I believe in the value of practice. I believe the most important lesson that any parent can know is that their children are capable of anything given the proper environment of love and instruction.
My older brother Andy was considered the best soccer player among us three boys. He was good enough that he could have played professionally had he wanted to do so. I thought he had been born with the ‘gift’ and that I, while a decent player, was never meant to be great. While I loved to play the game, I didn’t dare throw away my time developing my skills, because I could never become ‘great’.
It wasn’t until a few years later, when I would attend a camp run by a local soccer legend, Pat McBride, who had represented the U.S. both in the Olympics and World Cup, that my view on potential was challenged. His message on how to become a great soccer player was simple – you must touch the ball a million times and when you’ve reached that goal, do it again. This lesson reverberates within the stories of the world’s greatest athletes. Peter Gzowski, famed hockey writer, asked Wayne Gretzky if his greatness came from practice, he replied, “Absolutely. That’s one-hundred percent right. It’s all practice.”
I also believe parents that think that their children are forever defined by the genetics they were born with could not be further from the truth. We humans have a limitless potential that even the most starry-eyed dreamers have yet to conceive, and I believe that through the hard work of practice we can begin to ascend to the heavens of our potential.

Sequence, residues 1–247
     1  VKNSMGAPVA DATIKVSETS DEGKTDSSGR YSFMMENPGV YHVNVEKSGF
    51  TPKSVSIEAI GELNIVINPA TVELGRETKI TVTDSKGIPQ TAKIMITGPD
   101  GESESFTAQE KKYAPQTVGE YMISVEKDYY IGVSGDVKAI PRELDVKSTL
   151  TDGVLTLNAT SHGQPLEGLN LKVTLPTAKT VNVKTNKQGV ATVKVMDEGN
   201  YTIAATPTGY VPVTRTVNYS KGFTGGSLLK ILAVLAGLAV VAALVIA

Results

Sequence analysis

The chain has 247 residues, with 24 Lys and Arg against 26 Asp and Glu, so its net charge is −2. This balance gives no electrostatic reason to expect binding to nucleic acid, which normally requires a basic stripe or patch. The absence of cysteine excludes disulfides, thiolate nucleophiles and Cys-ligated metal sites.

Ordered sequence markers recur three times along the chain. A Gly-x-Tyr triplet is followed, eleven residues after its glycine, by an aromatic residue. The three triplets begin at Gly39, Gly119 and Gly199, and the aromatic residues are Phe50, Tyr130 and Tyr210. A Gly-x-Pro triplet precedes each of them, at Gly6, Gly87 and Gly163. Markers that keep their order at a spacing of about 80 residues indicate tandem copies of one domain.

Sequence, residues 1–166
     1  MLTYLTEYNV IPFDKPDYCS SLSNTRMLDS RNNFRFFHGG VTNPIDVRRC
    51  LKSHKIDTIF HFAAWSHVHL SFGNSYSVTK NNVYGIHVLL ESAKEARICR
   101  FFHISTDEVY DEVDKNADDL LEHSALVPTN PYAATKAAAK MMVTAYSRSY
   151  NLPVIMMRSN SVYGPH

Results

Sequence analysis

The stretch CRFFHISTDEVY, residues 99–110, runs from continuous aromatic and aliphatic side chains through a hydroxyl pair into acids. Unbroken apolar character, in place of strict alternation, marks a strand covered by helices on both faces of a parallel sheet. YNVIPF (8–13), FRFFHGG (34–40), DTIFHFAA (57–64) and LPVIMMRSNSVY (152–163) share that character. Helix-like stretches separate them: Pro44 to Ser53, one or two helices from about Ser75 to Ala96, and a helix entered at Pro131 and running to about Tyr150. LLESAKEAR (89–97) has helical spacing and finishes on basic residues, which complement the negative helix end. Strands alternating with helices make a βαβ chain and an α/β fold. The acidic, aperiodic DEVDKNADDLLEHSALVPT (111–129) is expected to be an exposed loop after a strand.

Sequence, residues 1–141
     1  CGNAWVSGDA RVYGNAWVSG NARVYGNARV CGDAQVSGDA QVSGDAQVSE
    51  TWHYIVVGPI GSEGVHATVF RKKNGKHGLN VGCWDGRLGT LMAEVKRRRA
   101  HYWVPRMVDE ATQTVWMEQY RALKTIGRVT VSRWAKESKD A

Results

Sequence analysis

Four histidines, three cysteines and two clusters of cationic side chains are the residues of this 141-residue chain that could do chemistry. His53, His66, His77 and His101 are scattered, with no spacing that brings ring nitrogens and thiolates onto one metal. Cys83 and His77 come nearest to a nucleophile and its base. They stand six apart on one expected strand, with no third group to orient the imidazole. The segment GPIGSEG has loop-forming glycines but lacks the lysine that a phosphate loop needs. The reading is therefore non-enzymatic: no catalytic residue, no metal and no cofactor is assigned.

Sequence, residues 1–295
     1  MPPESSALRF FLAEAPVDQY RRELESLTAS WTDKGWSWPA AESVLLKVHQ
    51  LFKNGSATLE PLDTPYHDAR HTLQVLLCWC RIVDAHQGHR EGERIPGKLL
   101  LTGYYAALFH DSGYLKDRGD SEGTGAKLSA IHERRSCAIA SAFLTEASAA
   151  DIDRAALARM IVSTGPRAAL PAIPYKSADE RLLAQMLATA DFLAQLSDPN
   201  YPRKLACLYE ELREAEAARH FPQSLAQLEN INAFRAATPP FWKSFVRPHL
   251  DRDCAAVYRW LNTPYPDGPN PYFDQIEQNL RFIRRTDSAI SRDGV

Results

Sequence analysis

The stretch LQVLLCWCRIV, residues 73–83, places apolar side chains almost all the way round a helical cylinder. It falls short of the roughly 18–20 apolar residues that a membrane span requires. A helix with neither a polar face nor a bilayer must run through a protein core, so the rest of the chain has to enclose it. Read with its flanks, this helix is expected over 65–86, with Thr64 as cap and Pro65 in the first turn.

I have two children now which we are trying to raise to enjoy practice. My wife and I hope we are bringing them up in an loving environment that allows failure, as a way to learn, rewards hard work and provides examples in our own behavior. So far, this has been a challenging experience. Occasionally, we’re rewarded with a kindly comment from a teacher who tells us that they enjoyed our children in their class, but most days we’re chasing them back to the piano, to the soccer field, or to do their homework.
There is so much we don’t know about parenting: how to motivate a three year old, when to be firm and when to let them go their way, how to keep it fun and interesting, and deciding if we’re pushing too hard. There is no guide book to tell us how to do these things, and some days we’re acting only on parental instinct, but in the end, I think we’ll get better, if we keep practicing.
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